Aerial view of the community of Isle de Jean Charles, Louisiana, shown here in 2015. The land is disappearing in part because of poor river management and climate change. Photo: William Widmer / Redux

Editor’s Note: John D. Sutter is a columnist for CNN Opinion who focuses on climate change and social justice. Follow him on Snapchat, Facebook and email. The opinions expressed in this commentary are his.

By John D. Sutter
8 April 2016

Isle de Jean Charles, Louisiana (CNN) – Wenceslaus Billiot, an 89-year-old with suede-soft eyes and a bayou-French accent, asked me to follow him onto the second-story balcony of his stork-legged house here in the southern Louisiana marshland.

He held up a broom made of dried palmetto leaves and pointed way off into the distance.

See that tiny water tower? he asked.

The tower was on the horizon -- so distant that it appeared to be only about as tall as my pen was wide. Aside from a few tufts of marsh between us and the tower, there was mostly water.

All of that used to be solid land, he told me.

Now: "There's nothing but water."

This isn't some back-in-the-day, old-folks-exaggerating type of story. As Billiot knows all too well, the marsh of Louisiana's fragile coast is disappearing at a mind-blowing rate.

A football field of land, on average, falls into the Gulf each hour.

That bears repeating: A football field of land, per hour, gone.

The landscape of coastal Louisiana is marked with 'ghost trees' that have fallen victim to saltwater intrusion. Photo: William Widmer / Redux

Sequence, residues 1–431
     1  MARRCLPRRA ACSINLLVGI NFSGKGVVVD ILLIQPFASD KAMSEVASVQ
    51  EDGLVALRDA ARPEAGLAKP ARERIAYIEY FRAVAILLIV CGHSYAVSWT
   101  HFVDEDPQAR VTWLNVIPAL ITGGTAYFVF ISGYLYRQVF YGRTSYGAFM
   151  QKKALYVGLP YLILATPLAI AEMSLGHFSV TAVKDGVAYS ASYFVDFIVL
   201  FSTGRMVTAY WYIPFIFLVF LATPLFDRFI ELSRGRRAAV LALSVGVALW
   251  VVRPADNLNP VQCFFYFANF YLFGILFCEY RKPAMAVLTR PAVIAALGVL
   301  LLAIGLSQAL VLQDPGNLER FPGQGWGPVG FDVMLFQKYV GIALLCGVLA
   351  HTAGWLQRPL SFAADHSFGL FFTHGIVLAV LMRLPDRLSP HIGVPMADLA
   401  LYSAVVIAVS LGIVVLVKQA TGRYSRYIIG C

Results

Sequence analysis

Isle de Jean Charles, the mostly French-speaking, Native American community where Billiot lives, once was about the size of Manhattan. Now, it's about a third of Central Park.

The coastal island has lost 98% of its land since 1955.

And what's left is going fast.

"I don't know how long we're going to stay here," Billiot told me.

"If a hurricane comes, we're wide open.

"There's no more land." […]

Shortsighted government officials have strangled the Mississippi River with so many dams and levees that it doesn't deliver the soil that's needed to rebuild the marshes. Instead, all of that useful dirt, which normally would be deposited slowly as the river wiggles across a wide and free delta, is rushed out to the bottom of the sea.

Oil and gas canals and pipelines, meanwhile, have carved up what's left of the marsh, making it more vulnerable to collapse.

And global warming is delivering the knockout punch.

Because as the marsh crumbles, the seas also are rising. [more]

'There's no more land'

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